Trees to be cut down on popular Marriott’s Way cycle and walking route in £318,000 project
PUBLISHED: 16:46 14 October 2020 | UPDATED: 16:46 14 October 2020
Dozens of trees will be chopped down to improve and widen a former railway for cyclists and walkers.
The £318,000 scheme for the section of Marriott’s Way between Gunton Lane car park and Hellesdon Road in Norwich was approved by Norfolk County Council’s Transforming Cities Fund joint committee on October 14.
The committee is made up of Norfolk County Council, Norwich City Council, Broadland District Council and South Norfolk Council elected representatives.
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In a report, council officers said the route is currently uneven, overgrown with trees and foliage and is of “sub-standard width” to adequately cater for the people using the path.
But to improve it, 54 trees have to be cut down, which will be replaced with at least 48 including crab apples, black poplars and hazels.
The project will also see a new crossing, where pedestrians and cyclists are segregated, on a raised table in Hellesdon Road, and a three-metre wide shared use path for walkers and cyclists between Hellesdon Road and Gunton Lane car park.
It will be paid out of the £32m recently awarded for transport changes through the government’s Transforming Cities fund.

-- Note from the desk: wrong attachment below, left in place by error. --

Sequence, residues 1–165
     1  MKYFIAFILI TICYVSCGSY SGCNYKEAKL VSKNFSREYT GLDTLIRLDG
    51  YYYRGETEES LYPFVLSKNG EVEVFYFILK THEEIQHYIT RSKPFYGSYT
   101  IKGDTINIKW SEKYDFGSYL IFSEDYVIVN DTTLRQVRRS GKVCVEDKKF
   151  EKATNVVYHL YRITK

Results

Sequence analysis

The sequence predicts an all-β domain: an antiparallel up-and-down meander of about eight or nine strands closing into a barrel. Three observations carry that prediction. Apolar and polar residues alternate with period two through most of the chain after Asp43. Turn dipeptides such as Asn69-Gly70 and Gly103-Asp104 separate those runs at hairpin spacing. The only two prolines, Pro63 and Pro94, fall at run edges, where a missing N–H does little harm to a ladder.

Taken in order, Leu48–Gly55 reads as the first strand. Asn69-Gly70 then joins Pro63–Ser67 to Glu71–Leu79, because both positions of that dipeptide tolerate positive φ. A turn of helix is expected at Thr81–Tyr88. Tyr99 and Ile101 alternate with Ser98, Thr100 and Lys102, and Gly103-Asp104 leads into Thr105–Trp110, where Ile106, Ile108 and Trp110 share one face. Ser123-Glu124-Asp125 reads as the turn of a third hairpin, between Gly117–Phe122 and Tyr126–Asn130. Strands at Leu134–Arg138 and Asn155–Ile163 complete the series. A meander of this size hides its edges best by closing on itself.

Broadland District Council member Lana Hempsall said: “The improvements are pretty good.”
Kay Mason Billig, from South Norfolk Council, said: “Any upgrade is a good thing especially for people who want to get out in this difficult time.”
MORE: £318,000 scheme to improve Marriott’s Way would see 54 trees chopped down
County councillor Danny Douglas, who did not back the plans, said: “The Marriott’s Way is an excellent resource for the local community.”
He proposed that better quality trees were saved and the cycling route and walking paths were separated to allow for this.
City councillor Ian Stutely also rejected the plans on the basis of not having seen the trees that will be lost.
Another city councillor, Mike Stonnard, reluctantly supported the plans if there was no viable option to split the cycling and walking route.
He added: “We want to make sure we lock in the benefits of people walking and cycling during Covid-19.”
Jeremy Wiggin, Transport for Norwich manager, added funding was not available to for separating the cycle and pedestrian routes.
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